Master of Science
New technology continues to be developed to help farmers use their resources more efficiently. This research focuses on a method of planting crops in a twin-row configuration versus conventional planting. Farmers need to analyze many factors when considering switching from planting corn in thirty-inch rows and soybeans in seven and one-half or fifteen-inch rows, to planting in twin-rows.
The objectives of this research are: (1) Analyze the cost of alternative implements and how the differences in investment affect planting cost per acre. (2) Determine added cost per acre at planting higher corn populations in twin-rows compared to conventional thirty-inch rows. (3) Determine how much of a yield increase is needed to make higher corn populations with twin-row planting profitable. (4) Compare breakeven corn yield increase from objective three with results of recent field trials.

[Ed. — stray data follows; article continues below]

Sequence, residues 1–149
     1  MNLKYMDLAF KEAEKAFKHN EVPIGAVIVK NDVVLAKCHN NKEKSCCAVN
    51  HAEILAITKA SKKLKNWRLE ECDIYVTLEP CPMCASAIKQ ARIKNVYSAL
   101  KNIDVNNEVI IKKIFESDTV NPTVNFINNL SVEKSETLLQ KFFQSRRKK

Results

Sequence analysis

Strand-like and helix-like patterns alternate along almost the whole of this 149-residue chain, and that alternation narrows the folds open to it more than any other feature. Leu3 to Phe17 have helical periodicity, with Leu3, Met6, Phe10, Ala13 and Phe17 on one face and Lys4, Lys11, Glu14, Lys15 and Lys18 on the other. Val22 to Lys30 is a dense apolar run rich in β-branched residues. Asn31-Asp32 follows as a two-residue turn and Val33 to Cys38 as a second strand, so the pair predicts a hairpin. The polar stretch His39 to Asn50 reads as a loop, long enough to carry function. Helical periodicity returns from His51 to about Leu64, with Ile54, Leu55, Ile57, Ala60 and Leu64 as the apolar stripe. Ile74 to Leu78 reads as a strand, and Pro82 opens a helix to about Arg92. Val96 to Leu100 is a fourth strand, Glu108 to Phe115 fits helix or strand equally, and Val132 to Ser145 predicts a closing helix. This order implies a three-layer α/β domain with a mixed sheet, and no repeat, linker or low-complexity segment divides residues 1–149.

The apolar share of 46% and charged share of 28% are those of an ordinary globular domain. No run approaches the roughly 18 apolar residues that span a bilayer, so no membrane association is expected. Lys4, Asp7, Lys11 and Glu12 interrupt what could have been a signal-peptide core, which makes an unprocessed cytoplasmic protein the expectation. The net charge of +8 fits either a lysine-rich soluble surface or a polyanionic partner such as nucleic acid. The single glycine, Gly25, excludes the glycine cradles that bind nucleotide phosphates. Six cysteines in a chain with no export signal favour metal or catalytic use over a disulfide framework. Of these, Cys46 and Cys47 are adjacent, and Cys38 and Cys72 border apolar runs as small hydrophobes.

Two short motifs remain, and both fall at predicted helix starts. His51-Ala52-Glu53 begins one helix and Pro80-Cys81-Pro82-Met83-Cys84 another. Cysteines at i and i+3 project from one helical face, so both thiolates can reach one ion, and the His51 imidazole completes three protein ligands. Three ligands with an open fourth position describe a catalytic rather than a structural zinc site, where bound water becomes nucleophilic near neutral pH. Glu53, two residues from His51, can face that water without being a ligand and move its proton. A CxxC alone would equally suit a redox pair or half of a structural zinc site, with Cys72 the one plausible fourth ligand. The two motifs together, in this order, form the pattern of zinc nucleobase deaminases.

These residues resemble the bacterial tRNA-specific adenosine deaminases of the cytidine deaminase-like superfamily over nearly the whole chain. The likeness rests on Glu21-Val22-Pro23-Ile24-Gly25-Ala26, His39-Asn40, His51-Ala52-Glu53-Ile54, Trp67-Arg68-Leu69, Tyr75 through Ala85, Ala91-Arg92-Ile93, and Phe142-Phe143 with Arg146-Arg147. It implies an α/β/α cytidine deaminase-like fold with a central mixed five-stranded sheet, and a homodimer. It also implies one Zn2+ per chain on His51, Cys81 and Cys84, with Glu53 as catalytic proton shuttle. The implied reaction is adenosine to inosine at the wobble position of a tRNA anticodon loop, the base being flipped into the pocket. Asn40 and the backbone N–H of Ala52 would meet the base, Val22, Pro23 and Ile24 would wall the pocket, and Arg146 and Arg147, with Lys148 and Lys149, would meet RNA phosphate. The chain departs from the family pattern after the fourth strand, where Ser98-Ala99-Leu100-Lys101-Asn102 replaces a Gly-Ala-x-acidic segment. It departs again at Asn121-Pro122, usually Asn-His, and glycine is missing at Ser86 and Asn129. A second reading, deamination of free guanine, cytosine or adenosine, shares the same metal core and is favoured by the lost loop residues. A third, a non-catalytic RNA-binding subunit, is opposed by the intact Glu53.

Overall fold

A higher initial investment results in a higher cost per acre for each implement due to the fact that the cost is based on the list price. There is an added seed and fertilizer cost of twenty-two dollars for planting at higher plant populations in twin-rows. An increase of 5.45 bushels per acre is needed for twin-rows to be profitable on a corn-soybean operation and a 6.68 bushel per acre increase for twin-rows to be profitable for a continuous corn operation. It was also concluded that in recent trials the required breakeven bushel per acre increase is obtainable to make twin-rows profitable for farmers.